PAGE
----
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New iPhone SE likely to be manufactured in India soon, might not impact pricing

Starting operations in India in 2017, Wistron has assembled the iPhone 6S, the original iPhone SE in the past, and is still manufacturing the iPhone 7. However, already three generations old, Apple might discontinue the iPhone 7 in the upcoming iPhone event in September

twitter-logoNidhi Singal | July 24, 2020 | Updated 16:36 IST
New iPhone SE likely to be manufactured in India soon, might not impact pricing
iPhone SE 2020

Following the Apple iPhone 11 manufacturing in India, the new iPhone SE is likely to be assembled in India soon, confirms industry sources. Just like the original iPhone SE, the new model will be assembled at the Wistron facility near Bengaluru.

Starting operations in India in 2017, Wistron has assembled the iPhone 6S, the original iPhone SE in the past, and is still manufacturing the iPhone 7. However, already three generations old, Apple might discontinue the iPhone 7 in the upcoming iPhone event in September.

Manufacturing the iPhone SE and even the iPhone 11 are logical progressions. Apple's partners who have invested in the country need to take incremental steps to meet the current demand of the country. Due to the aggressive pricing of Rs 64,900 at the launch (now increased to Rs 68,300) along with HDFC cashback, the iPhone 11 has been one of the best-selling iPhones since its launch in India. The new iPhone SE starting at Rs 42,500, hits the sweet spot not just among the iPhone lovers but also those who aspire to buy iPhone but do not want to spend too much money on the flagship models. Going on sale post the ease of nationwide lockdown, the new iPhone SE is expected to have done decently well in the quarter ending June 2020.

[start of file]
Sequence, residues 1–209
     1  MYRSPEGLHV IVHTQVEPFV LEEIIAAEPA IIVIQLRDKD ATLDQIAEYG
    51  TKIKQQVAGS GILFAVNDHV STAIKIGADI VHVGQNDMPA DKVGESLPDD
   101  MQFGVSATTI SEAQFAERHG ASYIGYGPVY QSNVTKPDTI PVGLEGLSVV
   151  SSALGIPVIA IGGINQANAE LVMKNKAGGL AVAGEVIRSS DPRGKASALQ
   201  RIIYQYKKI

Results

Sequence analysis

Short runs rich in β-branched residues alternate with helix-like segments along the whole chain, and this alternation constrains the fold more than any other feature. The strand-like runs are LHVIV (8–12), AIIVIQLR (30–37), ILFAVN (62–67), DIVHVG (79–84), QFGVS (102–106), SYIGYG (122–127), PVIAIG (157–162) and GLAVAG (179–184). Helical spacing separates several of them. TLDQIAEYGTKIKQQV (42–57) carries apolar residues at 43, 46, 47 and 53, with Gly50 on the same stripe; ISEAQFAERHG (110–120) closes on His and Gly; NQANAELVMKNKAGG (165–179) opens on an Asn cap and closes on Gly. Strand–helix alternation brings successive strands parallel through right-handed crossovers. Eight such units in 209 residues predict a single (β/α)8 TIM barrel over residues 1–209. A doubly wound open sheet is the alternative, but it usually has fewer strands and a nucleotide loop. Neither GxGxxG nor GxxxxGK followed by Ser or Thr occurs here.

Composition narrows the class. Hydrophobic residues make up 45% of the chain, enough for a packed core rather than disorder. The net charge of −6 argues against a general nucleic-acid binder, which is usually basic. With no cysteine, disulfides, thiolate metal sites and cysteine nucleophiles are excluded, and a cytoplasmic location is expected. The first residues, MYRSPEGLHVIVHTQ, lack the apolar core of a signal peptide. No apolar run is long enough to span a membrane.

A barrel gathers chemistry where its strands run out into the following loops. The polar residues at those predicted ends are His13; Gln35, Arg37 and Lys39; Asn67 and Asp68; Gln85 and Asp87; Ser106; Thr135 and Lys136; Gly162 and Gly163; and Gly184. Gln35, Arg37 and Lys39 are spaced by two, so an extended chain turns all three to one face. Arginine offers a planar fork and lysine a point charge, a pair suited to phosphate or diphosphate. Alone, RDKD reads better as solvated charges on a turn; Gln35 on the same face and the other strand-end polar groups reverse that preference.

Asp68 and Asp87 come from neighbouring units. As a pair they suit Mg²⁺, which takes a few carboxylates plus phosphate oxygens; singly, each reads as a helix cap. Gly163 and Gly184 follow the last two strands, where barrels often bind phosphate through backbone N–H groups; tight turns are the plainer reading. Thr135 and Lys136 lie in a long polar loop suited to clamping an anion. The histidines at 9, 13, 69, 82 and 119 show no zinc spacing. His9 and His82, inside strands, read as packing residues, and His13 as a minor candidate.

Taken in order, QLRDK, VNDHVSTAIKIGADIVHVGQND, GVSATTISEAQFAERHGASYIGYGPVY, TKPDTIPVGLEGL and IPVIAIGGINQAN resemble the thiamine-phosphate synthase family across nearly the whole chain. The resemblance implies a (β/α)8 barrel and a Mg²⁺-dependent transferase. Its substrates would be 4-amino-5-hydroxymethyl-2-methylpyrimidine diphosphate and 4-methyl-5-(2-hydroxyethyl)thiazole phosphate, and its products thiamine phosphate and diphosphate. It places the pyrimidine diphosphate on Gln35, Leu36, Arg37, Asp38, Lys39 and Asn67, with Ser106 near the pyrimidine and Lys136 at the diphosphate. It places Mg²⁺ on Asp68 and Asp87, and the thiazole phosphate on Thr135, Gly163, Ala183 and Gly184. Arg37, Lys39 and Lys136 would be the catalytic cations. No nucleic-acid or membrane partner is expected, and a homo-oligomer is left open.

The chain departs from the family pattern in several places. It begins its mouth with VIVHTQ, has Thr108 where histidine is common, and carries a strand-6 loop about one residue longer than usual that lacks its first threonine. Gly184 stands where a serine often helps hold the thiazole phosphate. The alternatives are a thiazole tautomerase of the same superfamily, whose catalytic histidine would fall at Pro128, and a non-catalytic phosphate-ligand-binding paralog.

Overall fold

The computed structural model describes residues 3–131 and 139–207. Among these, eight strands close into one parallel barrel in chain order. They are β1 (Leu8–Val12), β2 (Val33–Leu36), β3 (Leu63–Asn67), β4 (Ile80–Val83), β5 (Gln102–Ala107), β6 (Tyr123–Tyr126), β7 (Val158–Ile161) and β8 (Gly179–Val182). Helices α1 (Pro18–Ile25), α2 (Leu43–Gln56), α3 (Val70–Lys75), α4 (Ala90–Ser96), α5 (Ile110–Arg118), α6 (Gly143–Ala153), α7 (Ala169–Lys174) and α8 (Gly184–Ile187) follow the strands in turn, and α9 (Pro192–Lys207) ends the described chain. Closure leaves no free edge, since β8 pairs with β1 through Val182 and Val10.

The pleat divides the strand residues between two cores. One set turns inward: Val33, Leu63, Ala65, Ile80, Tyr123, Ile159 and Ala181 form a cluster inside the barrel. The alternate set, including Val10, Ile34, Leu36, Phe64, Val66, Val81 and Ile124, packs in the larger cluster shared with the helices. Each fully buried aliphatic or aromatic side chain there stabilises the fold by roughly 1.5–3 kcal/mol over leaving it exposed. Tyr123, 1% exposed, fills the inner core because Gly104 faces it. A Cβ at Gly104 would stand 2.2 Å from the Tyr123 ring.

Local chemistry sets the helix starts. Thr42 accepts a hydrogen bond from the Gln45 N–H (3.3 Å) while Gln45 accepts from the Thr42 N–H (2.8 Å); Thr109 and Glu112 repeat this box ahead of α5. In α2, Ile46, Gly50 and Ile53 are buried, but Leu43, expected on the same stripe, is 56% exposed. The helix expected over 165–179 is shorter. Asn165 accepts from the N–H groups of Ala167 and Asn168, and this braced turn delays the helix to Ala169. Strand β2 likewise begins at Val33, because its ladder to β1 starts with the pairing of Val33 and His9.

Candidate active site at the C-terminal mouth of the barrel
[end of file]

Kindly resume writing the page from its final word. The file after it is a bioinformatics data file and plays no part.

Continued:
"In the neo normal, where affordability has been a key theme with consumers, any potential domestic manufacturing of iPhone SE will appeal to mid-segment Android users, who cannot afford flagship iPhones. Going beyond traditional iPhone loyalists, Apple potentially stands to gain favour, and widen its appeal among other users in the Android ecosystem," says Prabhu Ram, Head- Industry Intelligence Group (IIG), CMR.

The entry-level smartphone market ranging from Rs 5,000 to Rs 15,000 has over 70 per cent of the market share in India. The second most popular category continues to be between Rs 15,000 to Rs 35,000. Entry-level and mid-segment customers often tend to upgrade to mid-premium smartphones and that's where a lot many OEMs are focussing at.

Although, OnePlus dominates this category, an increasing number of OEMs have been targeting this segment. For instance, Google introduced the trimmed down Pixel 3A. Samsung too has been trying to woo customers with Galaxy S10 Lite, Galaxy Note 10 Lite, among others.

However, assembly of the new iPhone SE is not likely to impact the pricing much. Even though local manufacturing helps OEMs save 22 per cent on import duties, the MRP will include duties on components imported. "Not many details are available at the brand and model level. Duty is charged on the import price of each component. So, for importing a phone full built (CBU) it is 22 per cent and nil for Completely Knocked Down (CKD) manufactured ones. But for importing a CKD kit, different rates for different components are applicable -- from chargers to battery packs, earphones and cables etc. This makes the savings coming out at less than 22 per cent, depending on what brand is manufactured in India," says Navkendar Singh, Research Director, Client Devices & IPDS, IDC India.

In general, the savings by manufacturing smartphones in India will be in the range of 12 to 15 per cent depending on the brand. For Apple, it is believed to be on the lower end. Also, the change in the retail price can be implemented only once the local production can meet the country's demand and the units imported for China have been pushed out of the channel (sold out). Apple, or be it any handset manufacturer, they cannot sell a smartphone with two different MRPs.

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